There are three different categories that fall under the concept of house training:
Basic house training – This applies to establishing an allowable toilet area for puppies or older dogs that are new to your home. Problems can include both urination and defecation.
Submissive wetting – This relates to urination when greeting, disciplining, or excitement.
Marking – This can include defecation, but is more commonly a urination marking problem. Both male and female dogs can display this behavior. It is only seen in dogs that have reached puberty.
If your dog has a problem with submissive wetting and is older than four months of age, or if your dog is experiencing problematic marking behavior, we recommend consulting a trainer or behaviorist.
If you are committed and prepared from the first moment you introduce your new puppy or dog to your home, it should take about two weeks to achieve appropriate house training behavior.
If you have a puppy or dog that has already developed bad house training habits, new reliable behavior can take six weeks or more to establish.
Always make sure there are no medical problems complicating housetraining issues. Any type of urinary tract problem can lead to increased frequency in urination and/or accidents in the house.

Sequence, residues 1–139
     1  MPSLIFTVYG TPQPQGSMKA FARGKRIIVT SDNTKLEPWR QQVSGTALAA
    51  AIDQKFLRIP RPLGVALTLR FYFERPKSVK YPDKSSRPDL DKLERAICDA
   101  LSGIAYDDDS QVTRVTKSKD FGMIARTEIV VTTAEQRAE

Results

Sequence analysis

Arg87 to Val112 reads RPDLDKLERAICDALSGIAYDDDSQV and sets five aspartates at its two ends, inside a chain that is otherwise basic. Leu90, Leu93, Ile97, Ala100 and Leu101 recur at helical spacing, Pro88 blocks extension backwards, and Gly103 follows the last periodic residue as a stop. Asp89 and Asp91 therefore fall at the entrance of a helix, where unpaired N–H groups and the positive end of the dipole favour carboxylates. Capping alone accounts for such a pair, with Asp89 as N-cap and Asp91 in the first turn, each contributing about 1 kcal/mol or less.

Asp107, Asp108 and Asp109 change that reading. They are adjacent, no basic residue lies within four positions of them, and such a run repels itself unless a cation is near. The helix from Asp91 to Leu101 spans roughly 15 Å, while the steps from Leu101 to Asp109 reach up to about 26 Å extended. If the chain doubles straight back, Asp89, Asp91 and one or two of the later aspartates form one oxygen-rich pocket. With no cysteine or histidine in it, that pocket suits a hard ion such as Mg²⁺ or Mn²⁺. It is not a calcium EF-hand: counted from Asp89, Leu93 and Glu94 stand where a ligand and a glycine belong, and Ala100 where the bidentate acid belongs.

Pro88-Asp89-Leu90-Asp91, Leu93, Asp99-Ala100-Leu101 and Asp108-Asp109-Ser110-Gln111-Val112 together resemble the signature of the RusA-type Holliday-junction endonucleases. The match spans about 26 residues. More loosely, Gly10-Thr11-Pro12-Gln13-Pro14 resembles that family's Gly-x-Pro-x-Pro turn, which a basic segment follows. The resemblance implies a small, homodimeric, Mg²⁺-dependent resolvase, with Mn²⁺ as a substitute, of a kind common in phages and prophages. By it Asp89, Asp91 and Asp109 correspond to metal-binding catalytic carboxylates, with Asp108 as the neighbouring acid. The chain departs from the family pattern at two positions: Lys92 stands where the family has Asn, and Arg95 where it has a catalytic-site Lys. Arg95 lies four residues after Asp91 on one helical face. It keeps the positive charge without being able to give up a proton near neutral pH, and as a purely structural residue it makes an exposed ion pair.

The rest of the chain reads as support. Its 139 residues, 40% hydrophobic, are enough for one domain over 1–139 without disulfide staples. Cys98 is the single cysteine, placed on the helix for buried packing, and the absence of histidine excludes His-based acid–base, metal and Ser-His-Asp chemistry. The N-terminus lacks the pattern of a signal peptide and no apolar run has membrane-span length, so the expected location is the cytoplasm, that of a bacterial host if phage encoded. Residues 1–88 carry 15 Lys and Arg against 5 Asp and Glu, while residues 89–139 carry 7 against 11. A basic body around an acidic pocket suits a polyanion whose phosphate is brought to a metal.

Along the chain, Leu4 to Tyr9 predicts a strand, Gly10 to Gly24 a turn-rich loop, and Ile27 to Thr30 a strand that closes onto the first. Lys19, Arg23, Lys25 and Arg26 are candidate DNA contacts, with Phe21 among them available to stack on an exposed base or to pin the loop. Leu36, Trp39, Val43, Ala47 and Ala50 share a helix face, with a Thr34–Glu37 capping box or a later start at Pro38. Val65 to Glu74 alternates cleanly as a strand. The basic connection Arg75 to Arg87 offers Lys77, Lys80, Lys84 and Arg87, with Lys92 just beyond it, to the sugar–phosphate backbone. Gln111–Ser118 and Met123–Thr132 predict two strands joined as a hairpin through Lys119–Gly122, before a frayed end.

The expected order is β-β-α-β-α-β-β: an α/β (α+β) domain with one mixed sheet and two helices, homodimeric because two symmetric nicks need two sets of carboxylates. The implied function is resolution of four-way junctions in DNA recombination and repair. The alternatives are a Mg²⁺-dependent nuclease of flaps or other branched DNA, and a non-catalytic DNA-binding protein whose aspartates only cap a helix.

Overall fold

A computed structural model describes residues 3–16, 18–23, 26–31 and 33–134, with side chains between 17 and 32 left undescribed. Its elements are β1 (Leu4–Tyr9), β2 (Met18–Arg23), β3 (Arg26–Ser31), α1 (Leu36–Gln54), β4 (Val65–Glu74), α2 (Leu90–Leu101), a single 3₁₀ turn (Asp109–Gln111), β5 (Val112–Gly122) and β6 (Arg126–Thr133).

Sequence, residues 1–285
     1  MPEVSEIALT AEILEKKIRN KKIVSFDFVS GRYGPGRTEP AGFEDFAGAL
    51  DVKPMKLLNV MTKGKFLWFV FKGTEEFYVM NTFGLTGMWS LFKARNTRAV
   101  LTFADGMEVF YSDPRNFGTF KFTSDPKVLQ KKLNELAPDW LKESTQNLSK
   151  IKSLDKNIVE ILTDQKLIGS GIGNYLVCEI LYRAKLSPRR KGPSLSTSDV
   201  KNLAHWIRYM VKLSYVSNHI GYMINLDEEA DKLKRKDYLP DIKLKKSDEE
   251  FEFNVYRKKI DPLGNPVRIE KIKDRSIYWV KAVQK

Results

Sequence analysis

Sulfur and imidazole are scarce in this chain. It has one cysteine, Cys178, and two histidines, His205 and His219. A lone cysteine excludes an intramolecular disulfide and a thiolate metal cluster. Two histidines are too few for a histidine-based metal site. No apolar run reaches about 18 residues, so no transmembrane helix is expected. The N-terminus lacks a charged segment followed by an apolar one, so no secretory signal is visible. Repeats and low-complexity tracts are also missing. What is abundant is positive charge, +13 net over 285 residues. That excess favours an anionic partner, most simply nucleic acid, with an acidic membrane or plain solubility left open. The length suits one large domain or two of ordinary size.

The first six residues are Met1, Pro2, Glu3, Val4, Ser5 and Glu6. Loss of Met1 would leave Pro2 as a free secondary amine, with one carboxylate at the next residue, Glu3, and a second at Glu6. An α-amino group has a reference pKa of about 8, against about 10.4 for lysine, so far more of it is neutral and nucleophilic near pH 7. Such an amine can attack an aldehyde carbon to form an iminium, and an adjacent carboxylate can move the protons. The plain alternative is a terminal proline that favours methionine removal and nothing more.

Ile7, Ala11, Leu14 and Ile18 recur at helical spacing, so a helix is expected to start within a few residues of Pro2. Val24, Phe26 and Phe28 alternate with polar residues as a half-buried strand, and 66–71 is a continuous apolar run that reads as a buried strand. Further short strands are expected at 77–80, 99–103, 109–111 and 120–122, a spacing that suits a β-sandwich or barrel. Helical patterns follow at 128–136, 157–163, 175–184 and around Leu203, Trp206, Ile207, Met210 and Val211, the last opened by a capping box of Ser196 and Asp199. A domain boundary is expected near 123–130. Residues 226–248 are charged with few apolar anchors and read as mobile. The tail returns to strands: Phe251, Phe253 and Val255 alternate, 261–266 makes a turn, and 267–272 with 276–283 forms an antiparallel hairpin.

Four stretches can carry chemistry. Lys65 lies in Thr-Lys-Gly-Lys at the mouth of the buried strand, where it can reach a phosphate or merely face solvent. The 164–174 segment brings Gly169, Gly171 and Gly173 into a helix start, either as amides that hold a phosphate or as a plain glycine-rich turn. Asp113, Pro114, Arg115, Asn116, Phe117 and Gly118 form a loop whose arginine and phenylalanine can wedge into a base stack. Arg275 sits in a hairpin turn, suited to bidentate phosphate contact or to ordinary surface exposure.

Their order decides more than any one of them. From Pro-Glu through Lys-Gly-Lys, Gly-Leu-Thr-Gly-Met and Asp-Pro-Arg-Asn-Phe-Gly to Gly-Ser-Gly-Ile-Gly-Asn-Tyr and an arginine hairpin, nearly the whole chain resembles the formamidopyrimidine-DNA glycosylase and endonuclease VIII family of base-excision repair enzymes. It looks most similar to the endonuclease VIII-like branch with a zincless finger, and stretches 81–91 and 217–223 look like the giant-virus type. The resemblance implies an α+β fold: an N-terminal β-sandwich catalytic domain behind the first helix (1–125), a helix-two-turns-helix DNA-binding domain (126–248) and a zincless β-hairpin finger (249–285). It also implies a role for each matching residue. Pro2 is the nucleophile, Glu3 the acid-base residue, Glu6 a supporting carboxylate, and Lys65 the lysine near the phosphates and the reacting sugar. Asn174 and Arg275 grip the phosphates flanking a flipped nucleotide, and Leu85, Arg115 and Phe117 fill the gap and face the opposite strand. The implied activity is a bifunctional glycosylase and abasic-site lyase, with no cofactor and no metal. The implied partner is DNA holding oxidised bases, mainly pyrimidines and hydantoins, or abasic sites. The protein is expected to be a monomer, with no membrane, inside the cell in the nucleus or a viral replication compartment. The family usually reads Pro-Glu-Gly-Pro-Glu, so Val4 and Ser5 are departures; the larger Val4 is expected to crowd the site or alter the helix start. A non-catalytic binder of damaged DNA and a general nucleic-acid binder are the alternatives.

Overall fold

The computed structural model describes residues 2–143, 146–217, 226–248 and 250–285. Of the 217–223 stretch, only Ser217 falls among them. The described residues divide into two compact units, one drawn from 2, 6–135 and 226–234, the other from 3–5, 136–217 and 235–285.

Diet can be very important. Some foods can make it more difficult to house train a dog.
Toilet areas can be as general as an area outside, or as specific as a newspaper or “pee pad.” You must have a clear idea about what is an acceptable elimination spot before you start house training. Otherwise it can become very confusing for your puppy or dog. Your dog can even be trained to use a specific corner of the yard if you are dedicated enough to train him to that level of understanding.
Your attitude is probably the most important ingredient in the house training formula. You are taking your puppy or dog through a process of education. He is not born knowing where to eliminate in your home. His mother never told him. It’s your job to teach him where to eliminate, and also to help him conquer the language barrier between dogs and people.
Create a schedule
⦁ You are creating a schedule for your dog. Create one that is convenient for you, and works with your lifestyle.
Do not feed your dog free-choice meals while establishing a house training schedule. Keep all meals on a predictable schedule. Snacks and treats should be kept to a minimum while setting the schedule. Avoid any “rich” foods that could upset your dog’s tummy.
⦁ Establish a bedtime and wake-up time. Try to stick as close to these times as possible.
⦁ Young dogs need lots of nap times, just like young humans. Make sure to provide for this in the schedule. Keep in mind, your dog or puppy will need to be taken out after each nap.
⦁ Any time your dog experiences an emotional stimulus such as excitement, fear, or goes through a rowdy play session, he will probably need to eliminate.